Throwing caution to the wind

March 5, 2014   ·   0 Comments

Dear editor:

As a physician, I also share with Mayor MacIver of Amaranth concerns regarding health issues not only associated with industrial wind turbines but the 230 kv line that DWPI wishes to install. Actually many of these concerns were expressed in my brief to the Ministry of Environment last winter and subsequently to the Environmental Review Tribunal (ERT) last fall regarding the DWPI project.

It defies reason that the provincial authorities have approved this project (and others) while there is an ongoing federal health study regarding possible adverse health affects of industrial wind turbines. As Mayor MacIver points out, there is ample evidence on the adverse health effects from the electromagnetic fields associated with high voltage lines.

Much of my presentation to the ERT last fall focused on the precautionary principle alluded to by Mayor MacIver. In Canada, we unfortunately have many examples of where the precautionary principle has been ignored. Last July, we witnessed an example with catastrophic consequences – Lac Magantic. The railway company involved allegedly made a special application to have only 1 person managing their freight trains (as a precaution, a minimum of 2 apparently had been legislated). It apparently was argued by the company lawyers that railway accidents are relatively rare and there was no scientific proof that reducing the size of the crew to one (1) would increase the probability of an accident. The guidelines respecting staffing levels of freight trains carrying hazardous materials have already been changed.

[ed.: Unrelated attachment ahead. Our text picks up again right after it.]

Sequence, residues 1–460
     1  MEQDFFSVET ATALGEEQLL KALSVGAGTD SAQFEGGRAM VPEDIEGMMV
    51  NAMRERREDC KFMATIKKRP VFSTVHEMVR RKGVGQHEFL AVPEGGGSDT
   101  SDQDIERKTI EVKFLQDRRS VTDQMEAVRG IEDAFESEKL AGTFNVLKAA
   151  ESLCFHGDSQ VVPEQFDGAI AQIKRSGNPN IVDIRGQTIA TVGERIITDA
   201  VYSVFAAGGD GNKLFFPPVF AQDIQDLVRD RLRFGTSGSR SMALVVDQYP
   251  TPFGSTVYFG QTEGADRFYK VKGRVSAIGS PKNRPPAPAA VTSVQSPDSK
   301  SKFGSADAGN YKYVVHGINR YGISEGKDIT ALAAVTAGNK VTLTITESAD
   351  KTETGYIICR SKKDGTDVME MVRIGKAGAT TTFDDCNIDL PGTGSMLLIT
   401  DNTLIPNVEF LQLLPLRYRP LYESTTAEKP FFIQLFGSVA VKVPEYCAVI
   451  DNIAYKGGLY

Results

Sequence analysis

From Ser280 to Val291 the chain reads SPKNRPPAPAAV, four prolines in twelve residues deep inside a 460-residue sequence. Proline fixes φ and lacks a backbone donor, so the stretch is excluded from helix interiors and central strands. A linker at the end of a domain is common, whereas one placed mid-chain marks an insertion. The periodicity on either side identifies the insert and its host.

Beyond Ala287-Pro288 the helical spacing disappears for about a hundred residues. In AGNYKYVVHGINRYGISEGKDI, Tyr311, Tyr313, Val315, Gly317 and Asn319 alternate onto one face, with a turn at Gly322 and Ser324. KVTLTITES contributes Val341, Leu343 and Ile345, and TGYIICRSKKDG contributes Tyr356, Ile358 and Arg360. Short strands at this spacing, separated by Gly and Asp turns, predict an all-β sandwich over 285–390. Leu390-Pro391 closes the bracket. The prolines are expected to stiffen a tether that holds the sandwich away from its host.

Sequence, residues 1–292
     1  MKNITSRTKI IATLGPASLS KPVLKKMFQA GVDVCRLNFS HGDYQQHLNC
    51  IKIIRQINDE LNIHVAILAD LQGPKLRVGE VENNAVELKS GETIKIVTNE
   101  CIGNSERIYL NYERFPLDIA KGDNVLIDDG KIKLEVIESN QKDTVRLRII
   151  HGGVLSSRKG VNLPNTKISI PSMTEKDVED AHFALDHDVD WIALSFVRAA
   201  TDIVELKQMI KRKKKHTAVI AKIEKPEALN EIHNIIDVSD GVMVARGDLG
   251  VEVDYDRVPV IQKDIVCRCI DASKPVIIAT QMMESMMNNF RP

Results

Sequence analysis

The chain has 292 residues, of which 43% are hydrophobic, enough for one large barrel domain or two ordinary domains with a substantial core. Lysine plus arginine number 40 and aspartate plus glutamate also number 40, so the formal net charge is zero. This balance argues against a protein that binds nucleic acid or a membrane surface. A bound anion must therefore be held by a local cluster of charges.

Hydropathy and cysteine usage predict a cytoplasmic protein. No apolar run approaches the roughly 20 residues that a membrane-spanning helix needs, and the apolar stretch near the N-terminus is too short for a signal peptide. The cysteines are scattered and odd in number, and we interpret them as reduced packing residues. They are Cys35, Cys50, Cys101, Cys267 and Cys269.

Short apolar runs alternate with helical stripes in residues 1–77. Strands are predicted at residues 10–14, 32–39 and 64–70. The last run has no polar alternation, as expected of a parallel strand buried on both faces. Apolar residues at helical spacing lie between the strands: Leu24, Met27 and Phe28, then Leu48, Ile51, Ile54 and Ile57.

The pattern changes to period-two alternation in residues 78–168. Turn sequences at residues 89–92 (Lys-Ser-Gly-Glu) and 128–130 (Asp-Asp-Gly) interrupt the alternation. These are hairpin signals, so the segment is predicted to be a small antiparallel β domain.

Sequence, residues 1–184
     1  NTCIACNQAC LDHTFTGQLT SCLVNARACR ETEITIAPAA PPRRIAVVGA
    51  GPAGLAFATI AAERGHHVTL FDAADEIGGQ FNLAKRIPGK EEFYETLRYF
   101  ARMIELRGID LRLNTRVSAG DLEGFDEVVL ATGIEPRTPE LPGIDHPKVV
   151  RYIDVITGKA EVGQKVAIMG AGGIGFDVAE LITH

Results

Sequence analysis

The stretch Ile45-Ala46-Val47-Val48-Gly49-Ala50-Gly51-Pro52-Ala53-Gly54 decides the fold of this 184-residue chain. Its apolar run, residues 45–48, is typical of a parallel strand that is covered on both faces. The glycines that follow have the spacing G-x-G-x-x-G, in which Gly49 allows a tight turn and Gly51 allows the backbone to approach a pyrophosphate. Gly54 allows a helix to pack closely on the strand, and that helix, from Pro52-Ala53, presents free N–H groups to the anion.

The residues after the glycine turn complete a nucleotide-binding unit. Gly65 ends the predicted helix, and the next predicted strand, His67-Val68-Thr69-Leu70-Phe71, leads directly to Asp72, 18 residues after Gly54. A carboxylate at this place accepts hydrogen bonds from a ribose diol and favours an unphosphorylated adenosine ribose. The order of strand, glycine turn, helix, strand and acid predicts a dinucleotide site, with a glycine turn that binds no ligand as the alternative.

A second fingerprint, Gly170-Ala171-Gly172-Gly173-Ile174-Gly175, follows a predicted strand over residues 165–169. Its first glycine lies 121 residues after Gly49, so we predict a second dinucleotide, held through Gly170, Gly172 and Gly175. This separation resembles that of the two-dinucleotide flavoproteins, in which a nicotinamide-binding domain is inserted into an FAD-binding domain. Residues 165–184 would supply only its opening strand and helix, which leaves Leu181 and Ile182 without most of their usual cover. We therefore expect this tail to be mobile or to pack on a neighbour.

Yes, DWPI is storming ahead with construction. Yes, these turbines are being erected in a rural environment but it is a populated rural environment. Already there are other jurisdictions that have enacted residential setbacks that are multiples of what is legislated in Ontario as a result of appreciated concerns. The precautionary principle – is it not logical to have a moratorium on the installation of wind farms in Ontario until we have the results of the federal health study? Are we going to witness yet another example where harm will occur because the precautionary principle was ignored?

William S. Crysdale M.D.



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